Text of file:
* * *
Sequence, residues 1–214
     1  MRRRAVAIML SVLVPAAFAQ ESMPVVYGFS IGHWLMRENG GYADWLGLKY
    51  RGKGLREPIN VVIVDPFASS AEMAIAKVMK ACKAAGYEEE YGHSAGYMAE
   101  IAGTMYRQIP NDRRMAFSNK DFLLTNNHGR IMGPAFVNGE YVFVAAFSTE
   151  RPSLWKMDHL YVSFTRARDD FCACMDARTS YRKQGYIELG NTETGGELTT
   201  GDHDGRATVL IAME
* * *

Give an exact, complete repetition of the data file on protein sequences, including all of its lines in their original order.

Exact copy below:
Sequence, residues 1–214
     1  MRRRAVAIML SVLVPAAFAQ ESMPVVYGFS IGHWLMRENG GYADWLGLKY
    51  RGKGLREPIN VVIVDPFASS AEMAIAKVMK ACKAAGYEEE YGHSAGYMAE
   101  IAGTMYRQIP NDRRMAFSNK DFLLTNNHGR IMGPAFVNGE YVFVAAFSTE
   151  RPSLWKMDHL YVSFTRARDD FCACMDARTS YRKQGYIELG NTETGGELTT
   201  GDHDGRATVL IAME